Kinderdagverblijf is a great way for your child to meet other children their age, develop their social skills, and gain independence. There can be long waiting lists for places, so it is advisable to register your child as early as possible.

Most centres allow a phased start for newcomers so that they can adjust to the new environment. During this period, they will only attend for a couple of hours and you will be allowed to stay with them.


Oppas

If you need to streamline your childcare and reduce the number of drop-offs, hiring an oppas (nanny) who comes to your home may be a great solution. As the oppas only has your child/children to look after, they can take care of school pick-up, clubs and playdates too. You can also arrange for your oppas to help out with some light chores and cook for the children.

Your child will be cared for at home where they feel most secure and will build a close relationship with the nanny.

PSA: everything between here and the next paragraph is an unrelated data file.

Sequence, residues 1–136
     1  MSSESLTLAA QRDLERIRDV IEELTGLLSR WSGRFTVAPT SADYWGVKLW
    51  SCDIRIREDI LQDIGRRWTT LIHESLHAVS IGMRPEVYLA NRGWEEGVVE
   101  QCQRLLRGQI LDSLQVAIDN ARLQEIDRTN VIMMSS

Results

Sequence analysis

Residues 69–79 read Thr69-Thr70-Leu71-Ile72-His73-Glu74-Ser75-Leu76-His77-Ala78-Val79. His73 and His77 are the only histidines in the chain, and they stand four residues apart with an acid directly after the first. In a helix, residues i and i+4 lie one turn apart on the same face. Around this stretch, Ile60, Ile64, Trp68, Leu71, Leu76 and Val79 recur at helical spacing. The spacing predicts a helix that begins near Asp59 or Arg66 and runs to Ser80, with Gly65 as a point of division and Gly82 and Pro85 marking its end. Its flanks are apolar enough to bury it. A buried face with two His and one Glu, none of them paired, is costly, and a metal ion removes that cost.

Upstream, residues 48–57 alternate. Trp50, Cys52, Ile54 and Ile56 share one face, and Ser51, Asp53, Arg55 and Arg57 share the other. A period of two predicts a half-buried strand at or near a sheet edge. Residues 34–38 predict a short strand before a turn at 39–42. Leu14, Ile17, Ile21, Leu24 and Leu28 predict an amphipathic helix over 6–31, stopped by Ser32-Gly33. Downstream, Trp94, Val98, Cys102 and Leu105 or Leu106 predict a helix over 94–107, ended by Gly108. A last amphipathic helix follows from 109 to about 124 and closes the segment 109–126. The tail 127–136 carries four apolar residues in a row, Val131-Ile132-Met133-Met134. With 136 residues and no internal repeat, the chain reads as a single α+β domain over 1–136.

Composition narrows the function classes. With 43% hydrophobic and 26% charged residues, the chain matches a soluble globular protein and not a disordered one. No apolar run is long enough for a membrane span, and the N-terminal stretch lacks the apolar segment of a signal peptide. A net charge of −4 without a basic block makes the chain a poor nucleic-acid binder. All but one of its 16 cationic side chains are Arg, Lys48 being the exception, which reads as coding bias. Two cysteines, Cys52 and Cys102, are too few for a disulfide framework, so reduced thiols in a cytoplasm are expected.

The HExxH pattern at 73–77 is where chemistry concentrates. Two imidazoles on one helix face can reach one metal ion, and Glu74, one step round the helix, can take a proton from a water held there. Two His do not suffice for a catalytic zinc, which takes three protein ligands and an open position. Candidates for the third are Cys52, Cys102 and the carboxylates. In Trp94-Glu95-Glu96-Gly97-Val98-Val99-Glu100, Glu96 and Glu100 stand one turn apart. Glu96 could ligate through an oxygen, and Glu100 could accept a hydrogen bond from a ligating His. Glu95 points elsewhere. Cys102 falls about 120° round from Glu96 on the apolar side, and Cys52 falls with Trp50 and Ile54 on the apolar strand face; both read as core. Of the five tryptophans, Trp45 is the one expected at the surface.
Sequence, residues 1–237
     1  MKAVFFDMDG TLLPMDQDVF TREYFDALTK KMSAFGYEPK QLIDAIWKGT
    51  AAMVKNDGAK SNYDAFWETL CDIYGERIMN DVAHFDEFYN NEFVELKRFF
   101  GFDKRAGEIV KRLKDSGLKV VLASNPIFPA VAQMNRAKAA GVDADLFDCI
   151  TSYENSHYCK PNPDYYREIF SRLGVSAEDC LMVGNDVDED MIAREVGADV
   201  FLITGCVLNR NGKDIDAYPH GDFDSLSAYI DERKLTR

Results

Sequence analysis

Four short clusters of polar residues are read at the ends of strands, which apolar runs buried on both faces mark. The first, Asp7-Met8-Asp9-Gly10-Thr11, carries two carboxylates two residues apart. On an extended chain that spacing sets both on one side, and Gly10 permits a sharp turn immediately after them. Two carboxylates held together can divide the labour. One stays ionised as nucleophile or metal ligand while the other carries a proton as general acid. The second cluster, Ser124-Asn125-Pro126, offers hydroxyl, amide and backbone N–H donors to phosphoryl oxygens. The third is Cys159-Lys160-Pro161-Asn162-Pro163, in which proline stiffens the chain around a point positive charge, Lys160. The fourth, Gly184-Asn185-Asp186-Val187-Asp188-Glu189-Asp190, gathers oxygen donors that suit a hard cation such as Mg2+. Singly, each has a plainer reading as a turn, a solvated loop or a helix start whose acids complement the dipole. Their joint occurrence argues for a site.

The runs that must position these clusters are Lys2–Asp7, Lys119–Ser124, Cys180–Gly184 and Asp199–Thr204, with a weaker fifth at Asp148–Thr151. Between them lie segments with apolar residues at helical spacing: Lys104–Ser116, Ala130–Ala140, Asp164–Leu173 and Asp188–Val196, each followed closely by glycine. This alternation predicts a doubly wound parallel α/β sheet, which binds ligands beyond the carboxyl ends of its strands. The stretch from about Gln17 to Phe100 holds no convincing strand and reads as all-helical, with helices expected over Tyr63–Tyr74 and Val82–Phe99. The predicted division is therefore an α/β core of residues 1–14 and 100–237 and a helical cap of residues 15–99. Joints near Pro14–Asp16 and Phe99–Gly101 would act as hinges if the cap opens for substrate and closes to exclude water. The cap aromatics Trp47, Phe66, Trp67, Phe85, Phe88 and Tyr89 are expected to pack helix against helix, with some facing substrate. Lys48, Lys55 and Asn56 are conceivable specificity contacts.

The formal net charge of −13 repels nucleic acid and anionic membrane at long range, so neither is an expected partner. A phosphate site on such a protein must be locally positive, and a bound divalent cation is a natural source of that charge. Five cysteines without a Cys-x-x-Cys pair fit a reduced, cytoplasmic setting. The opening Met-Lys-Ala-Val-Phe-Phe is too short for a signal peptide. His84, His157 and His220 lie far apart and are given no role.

If your child is ill, the crèche is unlikely to admit them, but with a nanny you still have childcare. If you have more than one child, a nanny may be a cheaper option than a day care centre too.

One downside is that it can be hard to find a nanny that is the right fit for your family. Also, the finding fee can be very expensive, with some agencies in the Netherlands charging as much as €1000.

Be aware that when you hire a nanny, you become an employer and are therefore subject to Dutch labour laws.

Nanny for Expats and Compananny both have websites in English and are used to helping international residents.

Have you lived in the Netherlands? Do you have any childcare tips for other expats? Share your thoughts in the comments!